Global markets, shareholders and consumers are impelling corporates to announce climate action and net zero policies across the globe. This movement has resulted in a rush of company directors announcing net zero pledges without fully examining their capacity and ability to meet their goals.
Renew Economy stressed that failures to meet these goals, could be considered “guilty or misleading conduct”, resulting in legal or regulatory penalties. The long timeframe to achieve net zero goals and the current lack of clear, unified regulatory approach, may have set a false sense of ease. In March, The Conversation among other researchers published the first analysis of net zero commitments of 4,000+ sub-national governments and companies which account for 80% of global emissions. The study highlighted that only 60% of plans announced interim targets and 62% of the corporates announced reporting mechanisms.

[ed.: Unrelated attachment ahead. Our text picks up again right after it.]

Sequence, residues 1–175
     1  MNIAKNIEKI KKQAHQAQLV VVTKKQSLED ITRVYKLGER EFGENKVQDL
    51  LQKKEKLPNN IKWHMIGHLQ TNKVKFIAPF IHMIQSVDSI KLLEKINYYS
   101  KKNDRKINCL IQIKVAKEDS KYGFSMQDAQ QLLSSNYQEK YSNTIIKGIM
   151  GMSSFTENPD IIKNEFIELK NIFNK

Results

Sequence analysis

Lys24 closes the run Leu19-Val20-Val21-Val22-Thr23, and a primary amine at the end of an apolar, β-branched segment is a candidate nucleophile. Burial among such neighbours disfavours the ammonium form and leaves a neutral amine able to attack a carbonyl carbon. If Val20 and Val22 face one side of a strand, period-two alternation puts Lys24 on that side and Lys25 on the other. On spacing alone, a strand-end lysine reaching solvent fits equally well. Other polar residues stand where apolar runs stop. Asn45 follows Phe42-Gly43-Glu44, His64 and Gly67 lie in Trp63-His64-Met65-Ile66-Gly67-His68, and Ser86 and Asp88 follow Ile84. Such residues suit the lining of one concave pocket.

If corporates are serious with their net zero intent, it will be met with robust measures in place and pledging a target which can be held accountable by shareholders and consumers. Credibility should be demonstrated by accreditations from impartial mechanisms such as a science-based target, which will validate whether the plan is credible. Last week Australia Post and Newcastle Port have become the latest Australian organisation to have their emissions targets recognised by the Science-Based Targets program, validating both the corporates’ efforts to limit temperature rise “well below two degrees”.
Net zero targets are statements of corporate intent, and should not be made unless research has been undertaken to ensure they are deliverable. Corporates are encouraged to seek advice and support regarding this. Goals should be genuine, and importantly realistic in their approach to reach net zero.